A stormy day that stayed dry long enough for a mornings work on site. Whilst I struggled to do some important site survey work, I reluctantly allowed my mother to complete the excavation of the midden east of the chimney base rather than force her to help with the surveying. I am not good at surveying and need all the help I can get – but I also have a responsibility to keep other volunteers happy!
I have both AD(H)D and Asperger syndrome which makes it hard for me to multi-task. I found managing the excavation of the trenches undertaken by our volunteers and recording what had been excavated too much to manage. Understandably, despite encouragement, none of our volunteers were willing to give up digging for recording. So now, at least for me, the immediate priority is to catch up with formally recording the contexts which haven’t as yet been completed.
Ceramic and glass finds from last week’s midden deposit were few (the most visible of the finds from this context had already been removed on our last dig). Needless to say, rusty nails as well as burnt and unburnt coal fragments remained plentiful.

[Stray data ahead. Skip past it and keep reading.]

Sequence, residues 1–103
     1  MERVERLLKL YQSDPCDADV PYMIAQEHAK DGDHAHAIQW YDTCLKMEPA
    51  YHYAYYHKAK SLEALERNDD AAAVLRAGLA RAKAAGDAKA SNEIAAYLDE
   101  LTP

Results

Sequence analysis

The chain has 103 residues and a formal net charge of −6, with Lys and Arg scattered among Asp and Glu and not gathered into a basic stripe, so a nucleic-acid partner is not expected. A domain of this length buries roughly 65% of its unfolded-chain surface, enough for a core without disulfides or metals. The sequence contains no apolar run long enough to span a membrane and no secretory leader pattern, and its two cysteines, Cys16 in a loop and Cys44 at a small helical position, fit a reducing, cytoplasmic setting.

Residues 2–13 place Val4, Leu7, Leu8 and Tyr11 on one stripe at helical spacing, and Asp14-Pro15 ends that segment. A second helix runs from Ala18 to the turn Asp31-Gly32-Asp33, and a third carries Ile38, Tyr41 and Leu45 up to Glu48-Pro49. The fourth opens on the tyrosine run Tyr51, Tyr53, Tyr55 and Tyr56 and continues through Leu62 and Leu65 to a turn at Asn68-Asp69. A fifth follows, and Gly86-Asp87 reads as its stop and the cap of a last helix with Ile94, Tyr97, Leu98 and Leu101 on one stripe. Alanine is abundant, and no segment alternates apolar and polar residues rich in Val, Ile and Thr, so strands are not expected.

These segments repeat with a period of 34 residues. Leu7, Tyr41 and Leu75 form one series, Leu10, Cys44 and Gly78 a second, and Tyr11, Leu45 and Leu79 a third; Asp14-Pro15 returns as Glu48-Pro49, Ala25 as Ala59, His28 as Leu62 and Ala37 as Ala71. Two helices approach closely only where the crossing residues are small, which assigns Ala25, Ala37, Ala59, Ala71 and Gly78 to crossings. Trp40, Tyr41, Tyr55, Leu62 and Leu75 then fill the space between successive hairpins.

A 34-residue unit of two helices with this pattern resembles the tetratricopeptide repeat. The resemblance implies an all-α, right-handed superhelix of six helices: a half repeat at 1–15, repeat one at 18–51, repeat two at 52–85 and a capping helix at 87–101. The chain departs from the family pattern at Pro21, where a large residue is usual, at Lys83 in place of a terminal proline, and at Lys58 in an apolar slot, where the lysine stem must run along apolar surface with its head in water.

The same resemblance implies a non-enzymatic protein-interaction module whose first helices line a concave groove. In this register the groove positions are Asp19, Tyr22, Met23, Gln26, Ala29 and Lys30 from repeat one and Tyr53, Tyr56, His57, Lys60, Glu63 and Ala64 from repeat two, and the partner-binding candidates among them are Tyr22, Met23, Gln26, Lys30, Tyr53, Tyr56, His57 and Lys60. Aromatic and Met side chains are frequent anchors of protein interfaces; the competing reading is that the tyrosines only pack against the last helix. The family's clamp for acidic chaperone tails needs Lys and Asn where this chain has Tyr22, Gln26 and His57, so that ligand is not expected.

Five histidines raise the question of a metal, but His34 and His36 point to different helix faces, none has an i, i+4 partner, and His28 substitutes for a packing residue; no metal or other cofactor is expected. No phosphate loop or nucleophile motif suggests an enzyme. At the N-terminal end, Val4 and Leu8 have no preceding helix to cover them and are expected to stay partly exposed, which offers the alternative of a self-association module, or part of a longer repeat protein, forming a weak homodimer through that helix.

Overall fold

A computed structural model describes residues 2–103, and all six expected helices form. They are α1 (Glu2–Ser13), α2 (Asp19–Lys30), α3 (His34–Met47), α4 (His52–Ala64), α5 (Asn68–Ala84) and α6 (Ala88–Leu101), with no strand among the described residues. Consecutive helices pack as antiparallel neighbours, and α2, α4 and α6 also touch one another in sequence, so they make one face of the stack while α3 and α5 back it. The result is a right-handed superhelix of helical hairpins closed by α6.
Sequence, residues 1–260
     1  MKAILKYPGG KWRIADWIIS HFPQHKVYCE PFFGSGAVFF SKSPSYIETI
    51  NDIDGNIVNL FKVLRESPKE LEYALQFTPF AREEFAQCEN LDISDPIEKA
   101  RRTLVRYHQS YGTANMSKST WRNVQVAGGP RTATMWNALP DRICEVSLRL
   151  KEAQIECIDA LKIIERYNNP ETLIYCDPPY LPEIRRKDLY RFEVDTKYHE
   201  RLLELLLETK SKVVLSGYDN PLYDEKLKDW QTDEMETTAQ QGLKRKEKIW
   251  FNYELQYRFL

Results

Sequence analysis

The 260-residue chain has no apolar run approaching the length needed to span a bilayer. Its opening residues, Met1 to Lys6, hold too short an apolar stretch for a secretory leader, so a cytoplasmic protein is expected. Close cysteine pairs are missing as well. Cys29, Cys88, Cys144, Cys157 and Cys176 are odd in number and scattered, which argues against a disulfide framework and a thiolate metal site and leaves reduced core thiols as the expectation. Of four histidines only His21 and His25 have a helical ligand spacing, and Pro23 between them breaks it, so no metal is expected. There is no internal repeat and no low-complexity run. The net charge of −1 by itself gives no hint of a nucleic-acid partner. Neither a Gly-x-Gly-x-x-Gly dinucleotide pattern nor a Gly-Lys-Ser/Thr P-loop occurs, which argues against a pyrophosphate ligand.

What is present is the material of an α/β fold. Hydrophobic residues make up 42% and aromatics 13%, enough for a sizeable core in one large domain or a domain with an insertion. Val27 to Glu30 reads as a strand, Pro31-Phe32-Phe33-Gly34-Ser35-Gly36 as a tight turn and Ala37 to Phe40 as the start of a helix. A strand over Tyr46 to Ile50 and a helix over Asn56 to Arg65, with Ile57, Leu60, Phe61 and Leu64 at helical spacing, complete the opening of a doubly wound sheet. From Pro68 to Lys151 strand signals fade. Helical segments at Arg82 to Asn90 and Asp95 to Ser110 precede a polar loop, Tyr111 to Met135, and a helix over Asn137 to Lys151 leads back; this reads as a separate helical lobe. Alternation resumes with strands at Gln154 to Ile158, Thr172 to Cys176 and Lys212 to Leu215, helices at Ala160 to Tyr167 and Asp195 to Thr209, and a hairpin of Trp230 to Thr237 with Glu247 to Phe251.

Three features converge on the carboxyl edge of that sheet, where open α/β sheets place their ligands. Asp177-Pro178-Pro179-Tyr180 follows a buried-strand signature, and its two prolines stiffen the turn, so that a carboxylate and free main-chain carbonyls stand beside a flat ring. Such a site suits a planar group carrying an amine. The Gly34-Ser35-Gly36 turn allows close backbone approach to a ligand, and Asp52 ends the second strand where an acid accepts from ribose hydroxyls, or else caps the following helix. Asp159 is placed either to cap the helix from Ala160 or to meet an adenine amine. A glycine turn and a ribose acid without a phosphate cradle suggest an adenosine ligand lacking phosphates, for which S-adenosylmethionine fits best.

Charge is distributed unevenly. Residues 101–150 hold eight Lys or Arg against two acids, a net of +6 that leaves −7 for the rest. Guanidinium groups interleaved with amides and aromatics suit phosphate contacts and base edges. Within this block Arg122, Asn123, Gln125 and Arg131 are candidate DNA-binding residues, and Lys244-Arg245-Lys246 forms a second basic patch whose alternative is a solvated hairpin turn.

The best finds from this context were two medium/small metal buttons.
Whilst we wait for a window in the weather guaranteed to be dry for the 3-d laser scan, there is still plenty to do. We would love you to join us – either for a site visit, or to help us with surveying and/or digging – no experience required! We meet at the car park near the junction of Bexhill Road and Falmer Road, just north of Woodingdean.
*Please note* in future we will only be digging Sundays, from 10am – 3:30pm. Fridays will be dedicated to re-surveying the site. If the weather is too bad to dig we are still happy to give a quick tour for anyone interested. Please don’t hesitate to contact me for further info.
Meanwhile, I am busy preparing for our first talk about the dig on Friday 10th January at the Holy Cross Church Hall, Woodingdean, at 7-30pm. Twelve historical objects, and key dig finds, will be used to illustrate the story of what we have discovered of the origins of Newmarket Farm, and the lives of those who lived there.